This property investment duo share why it was a mistake to acquire an off-plan apartment on a lazy Sunday ride without looking at the full picture.
Buying off-plan properties can be a great strategy for some investors but requires a great deal of knowledge and preferably experience to ensure the deal does not fall through.
It was one year ago when Mr McGrath and Ms Billing acquired their first property, an off-plan apartment in a fringe suburb near Melbourne, which they are yet to sign off on despite having acquired two new investments since.
According to Mr McGrath, the idea was to buy the apartment at a set price and wait for the value to rise before the property has even settled.
“But the reality is that, what’s actually happening is we sort of bought pretty much at the peak, it was towards the middle of last year… [and] that’s actually gone down in value on paper,” Mr McGrath said.
“But you’re not going to realise that until it’s built anyway, so how do you know?”
The two-bedroom apartment was contracted at $556,000, which included a parking spot, pool and a lift.
Today, Mr McGrath estimated it has seen a value drop of 10 per cent.
The premise on which Mr McGrath and Ms Billing bought their off-plan apartment was promising.
The property was located four and a half kilometers from the CBD, in a gentrifying suburb and in “high demand”, the duo explained.
“Our experience with our property was, I mean firstly we went out for a lazy Sunday ride, just to kind of go window shopping in a display unit,” Mr McGrath said.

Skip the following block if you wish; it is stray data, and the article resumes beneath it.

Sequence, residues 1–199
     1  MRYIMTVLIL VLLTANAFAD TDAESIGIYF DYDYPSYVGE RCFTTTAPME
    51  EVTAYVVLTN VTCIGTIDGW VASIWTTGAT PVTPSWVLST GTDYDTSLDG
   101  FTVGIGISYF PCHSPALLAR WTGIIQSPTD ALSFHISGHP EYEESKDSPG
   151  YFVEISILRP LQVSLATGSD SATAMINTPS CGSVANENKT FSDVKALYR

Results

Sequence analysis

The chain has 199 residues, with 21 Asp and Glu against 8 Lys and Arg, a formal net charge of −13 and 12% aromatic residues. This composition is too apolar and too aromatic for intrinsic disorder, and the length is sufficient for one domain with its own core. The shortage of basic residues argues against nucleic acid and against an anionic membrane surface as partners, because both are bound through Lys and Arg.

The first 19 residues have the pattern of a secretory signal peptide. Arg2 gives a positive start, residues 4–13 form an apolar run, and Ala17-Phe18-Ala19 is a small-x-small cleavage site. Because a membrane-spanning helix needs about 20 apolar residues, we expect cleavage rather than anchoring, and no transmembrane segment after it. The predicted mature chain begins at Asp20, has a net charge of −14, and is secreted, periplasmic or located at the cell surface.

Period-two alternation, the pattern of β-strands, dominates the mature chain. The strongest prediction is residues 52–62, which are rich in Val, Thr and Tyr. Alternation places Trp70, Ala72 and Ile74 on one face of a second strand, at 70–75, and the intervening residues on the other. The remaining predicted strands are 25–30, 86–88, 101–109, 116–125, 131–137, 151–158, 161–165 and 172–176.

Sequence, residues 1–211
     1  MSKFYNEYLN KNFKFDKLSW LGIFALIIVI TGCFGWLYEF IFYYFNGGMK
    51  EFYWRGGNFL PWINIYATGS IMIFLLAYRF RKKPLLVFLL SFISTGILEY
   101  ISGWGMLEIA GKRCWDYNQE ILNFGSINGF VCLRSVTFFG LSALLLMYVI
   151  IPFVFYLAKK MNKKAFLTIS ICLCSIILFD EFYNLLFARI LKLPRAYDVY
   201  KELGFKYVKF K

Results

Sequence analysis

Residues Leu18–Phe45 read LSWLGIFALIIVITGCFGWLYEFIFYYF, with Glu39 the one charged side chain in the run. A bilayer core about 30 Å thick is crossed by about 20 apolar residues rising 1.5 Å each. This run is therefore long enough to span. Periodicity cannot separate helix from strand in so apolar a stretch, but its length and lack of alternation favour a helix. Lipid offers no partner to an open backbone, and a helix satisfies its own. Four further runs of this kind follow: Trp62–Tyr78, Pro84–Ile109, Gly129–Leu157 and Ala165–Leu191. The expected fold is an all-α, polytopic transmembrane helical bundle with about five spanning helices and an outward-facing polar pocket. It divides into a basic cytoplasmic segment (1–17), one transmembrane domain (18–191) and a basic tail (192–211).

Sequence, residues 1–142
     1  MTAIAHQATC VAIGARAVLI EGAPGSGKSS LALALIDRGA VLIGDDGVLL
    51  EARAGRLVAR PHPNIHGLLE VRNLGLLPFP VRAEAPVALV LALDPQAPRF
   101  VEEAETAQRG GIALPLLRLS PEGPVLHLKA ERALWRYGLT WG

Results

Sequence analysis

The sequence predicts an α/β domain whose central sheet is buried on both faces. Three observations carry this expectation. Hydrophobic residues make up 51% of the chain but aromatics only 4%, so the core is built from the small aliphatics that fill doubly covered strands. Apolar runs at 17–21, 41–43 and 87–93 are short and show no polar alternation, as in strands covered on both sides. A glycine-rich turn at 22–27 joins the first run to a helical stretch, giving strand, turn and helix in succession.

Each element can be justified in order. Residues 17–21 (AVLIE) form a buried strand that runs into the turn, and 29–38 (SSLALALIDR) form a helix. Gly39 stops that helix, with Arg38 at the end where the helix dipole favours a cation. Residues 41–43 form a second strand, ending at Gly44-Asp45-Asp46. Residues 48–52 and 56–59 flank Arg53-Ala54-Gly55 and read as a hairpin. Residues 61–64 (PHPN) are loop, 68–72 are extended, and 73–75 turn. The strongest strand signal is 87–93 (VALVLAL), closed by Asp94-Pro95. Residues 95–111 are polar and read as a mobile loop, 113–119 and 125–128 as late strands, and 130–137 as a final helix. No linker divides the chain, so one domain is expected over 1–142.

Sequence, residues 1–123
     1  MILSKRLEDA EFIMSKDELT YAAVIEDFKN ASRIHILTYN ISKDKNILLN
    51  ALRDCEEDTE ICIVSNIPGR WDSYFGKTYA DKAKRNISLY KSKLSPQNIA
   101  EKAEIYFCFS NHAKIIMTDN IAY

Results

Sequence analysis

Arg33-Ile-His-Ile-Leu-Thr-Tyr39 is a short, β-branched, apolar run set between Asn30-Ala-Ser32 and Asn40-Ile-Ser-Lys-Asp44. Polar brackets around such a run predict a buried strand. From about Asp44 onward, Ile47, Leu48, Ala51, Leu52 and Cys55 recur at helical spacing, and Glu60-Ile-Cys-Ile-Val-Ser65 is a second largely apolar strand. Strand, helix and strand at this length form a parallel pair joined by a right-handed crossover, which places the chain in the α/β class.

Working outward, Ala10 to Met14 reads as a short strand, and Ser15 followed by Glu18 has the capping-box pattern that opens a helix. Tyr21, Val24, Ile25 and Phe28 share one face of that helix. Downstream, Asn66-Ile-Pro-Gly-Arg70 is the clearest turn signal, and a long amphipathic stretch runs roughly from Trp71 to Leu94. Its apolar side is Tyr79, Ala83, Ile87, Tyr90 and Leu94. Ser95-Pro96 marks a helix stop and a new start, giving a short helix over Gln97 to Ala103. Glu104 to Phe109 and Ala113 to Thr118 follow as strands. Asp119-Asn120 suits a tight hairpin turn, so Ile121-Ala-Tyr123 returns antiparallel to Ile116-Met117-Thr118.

According to Mr McGrath and Ms Billing, they encountered a charismatic real estate agent who informed them of all the reasons why they should buy a property.
“The numbers stacked up and looked like it was going to be yielding at I think around 6.7 per cent, so we’re going, ‘Okay, we can either live in it and live out the cosmopolitan dream, or it’s going to be a really great financial decision’,” Mr McGrath said.
The reality of the situation, however, was that the duo was not looking at the right numbers, Mr McGrath admitted, focusing on singular aspects like vacancy rates.
However, it is critical, although sometimes difficult, for property investors to look at the full picture before diving headfirst into a “promising” investment.
Mr McGrath added that, in his case, he should have been asking questions like: “What’s the vacancy rate on a two-bedroom apartment, as opposed to just generalised for the suburb? What is the trend? Which direction is it going?”
According to the investment duo, even though it made a lot of sense to go ahead with their investment, there were hundreds of other apartments being built immediately around it, so there was a huge supply risk.
“Obviously, they’re transitioning, their economic climate has slowed down there. The construction phase, it’s actually not going to settle now until Q3 or Q4 2021. So, you know there’s a massive air gap between the idea of us buying it and us settling on it,” Mr McGrath said.
“This is not to book end anything and go, ‘Never buy off the plan’. It’s about understanding the real mechanics behind it and making sure that it is the right decision that’s going to propel you to the right place.
“And part of that is understanding what your ‘why’ is and what your destination is, because if you don’t understand that, then how are you going to know if it’s the right choice?”